Link building

6 things your link building campaign should include

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The following excerpt is taken from the book by Garrett French and Eric Ward Ultimate Link Building Guide, 2sd Editing. Buy it now from Amazon | Barnes & Noble | itunes or click here to buy it directly from us and SAVE 60% on this book when you use code MARKET2021 through 04/24/21.

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We discovered six major factors that impact the reach of a link building campaign. Ideally, during the campaign design phase, your link builder will have enough time to consider all of these factors. In doing so, they will likely discover a few other factors unique to your organization’s situation. The more factors you can consider and design, the more unique and effective your campaign will be.

Factor 1: What is already working well for you?

We like to start discussions with clients with a question about what is already working well – and not just in bonding! For example, we can ask how our customers are currently generating their leads. Recently, it turned out that one of our clients had a mailing list of 10,000 subscribers with whom he had built a great relationship over the past 10-15 years! They estimated that at least 10% of their list included active web content publishers, which made it the perfect place to start designing a campaign.

On the more link-oriented side, we recently asked a prospect a few questions to find out what their potentially linkable strengths are. They didn’t have the time or the resources to create content, which is our organization’s greatest asset. When we asked what worked, they mentioned that they had products they could give away to nonprofits and bloggers to use as prizes in raffles and other types of contests. This understanding then informed the link opportunities we uncovered for them as we were able to consistently uncover a massive number of prequalified leads.

We encourage you to think about what is already working well and keep that in mind when building links. Supporting and growing from what works can be much easier and more economical than trying to create something entirely new that doesn’t flow from existing strengths.

Factor 2: Your business and marketing goals

Specific business and marketing goals are often missing in the design of a link building campaign, especially when a campaign is designed in a vacuum without input from other departments.

Because link building has the ability to impact goals well beyond how your results pages rank in search engines, we strongly recommend that your link building campaign supports business goals and marketing specific to your business during the design phase. You might even discover a solution that may be unique in the market.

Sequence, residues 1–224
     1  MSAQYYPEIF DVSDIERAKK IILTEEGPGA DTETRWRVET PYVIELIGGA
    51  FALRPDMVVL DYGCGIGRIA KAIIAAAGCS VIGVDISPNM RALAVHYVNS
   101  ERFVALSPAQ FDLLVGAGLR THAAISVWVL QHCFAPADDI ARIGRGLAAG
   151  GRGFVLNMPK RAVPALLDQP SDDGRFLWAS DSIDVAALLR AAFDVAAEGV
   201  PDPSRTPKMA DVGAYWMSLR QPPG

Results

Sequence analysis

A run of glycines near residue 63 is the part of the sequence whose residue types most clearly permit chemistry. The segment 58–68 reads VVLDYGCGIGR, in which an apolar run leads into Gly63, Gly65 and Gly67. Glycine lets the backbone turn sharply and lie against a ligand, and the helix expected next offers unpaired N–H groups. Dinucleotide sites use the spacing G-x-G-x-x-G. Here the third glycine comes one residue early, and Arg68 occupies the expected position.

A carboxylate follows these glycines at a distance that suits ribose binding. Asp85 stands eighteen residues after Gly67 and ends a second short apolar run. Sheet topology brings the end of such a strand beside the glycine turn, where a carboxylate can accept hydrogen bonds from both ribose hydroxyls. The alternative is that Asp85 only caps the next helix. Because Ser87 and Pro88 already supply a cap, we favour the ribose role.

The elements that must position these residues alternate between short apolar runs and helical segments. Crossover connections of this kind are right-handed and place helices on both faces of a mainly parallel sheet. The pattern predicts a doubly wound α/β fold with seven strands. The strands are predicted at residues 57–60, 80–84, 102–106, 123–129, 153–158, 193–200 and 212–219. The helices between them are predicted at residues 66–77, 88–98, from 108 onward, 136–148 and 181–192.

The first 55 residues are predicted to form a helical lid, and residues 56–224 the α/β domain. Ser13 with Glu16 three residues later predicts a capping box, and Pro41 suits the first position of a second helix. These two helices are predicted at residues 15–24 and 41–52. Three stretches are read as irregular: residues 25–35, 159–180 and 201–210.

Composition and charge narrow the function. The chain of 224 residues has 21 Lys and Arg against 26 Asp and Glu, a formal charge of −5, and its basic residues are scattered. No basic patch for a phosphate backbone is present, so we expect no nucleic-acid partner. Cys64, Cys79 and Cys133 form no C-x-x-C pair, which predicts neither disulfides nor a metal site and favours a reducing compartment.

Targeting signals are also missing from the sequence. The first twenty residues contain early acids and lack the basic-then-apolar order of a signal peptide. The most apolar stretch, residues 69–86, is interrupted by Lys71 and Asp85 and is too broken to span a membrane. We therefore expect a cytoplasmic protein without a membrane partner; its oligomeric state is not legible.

Related: The secret to creating a site worthy of a link

Factor 3: Your assets that can be linked

What about is your organization connectable? This can include internal ‘social media celebrities’, your organization’s brand, your organization’s history, your free tools or widgets, your unique and useful content, your available creative talent, your actual budget, and more. Also, consider that your industry’s definition of “liable” may and will differ from other industries. If all of your competition has free web tools, this is no longer a strong differentiator and may not lead to interest and links.

Factor 4: Link the opportunities in your space

The linkage opportunities that exist from one market to another can be very different. For example, if you are targeting a consumer market, then blogger dads working from home may be a key segment for you. But if you’re selling specialty bulldozer parts, hiring blogger dads might not make so much sense.

Your market, especially the publishers that cater to your market that you want to link to, determines the extent and type of opportunities available to you. Remember to always search for results from the list. They will save you hours of research. Additionally, the presence of listings indicates a robust editorial niche.

Factor 5: Services requiring your contribution and influence within the organization

As a link building agency, we primarily work with the Search Engine Optimization (SEO) department within an organization. Our methods typically involve content creation and engaging industry experts. Sometimes that means we have to get approval from departments like public relations, content strategy, social media, marketing, and even the CEO before the campaign can really get started.

We usually try to identify the department in which our contact is most integrated, the department in which they have the most influence, and then we work to keep the campaign under their authority so that we can have the most impact. fast. The more departments that require input, the harder the link builder will have to work to resolve cross-departmental issues.

However, for lasting and ongoing bonding campaigns (and often these can not be called internal bonding campaigns), you will need to work in the political arena within your organization and be constantly looking for ways to “bond” what others are already doing.

Factor 6: Your available resources

Ultimately, your link building campaign will depend on how much time and money you can put into it. Knowing how much time you can spend on your own, and how much work you can ask for or require from others, can help you define the full scope of the project. Often – and rightly so – your available resources depend on your abilities as a link builder, as well as your ability to effectively communicate probable and actual ROIs.

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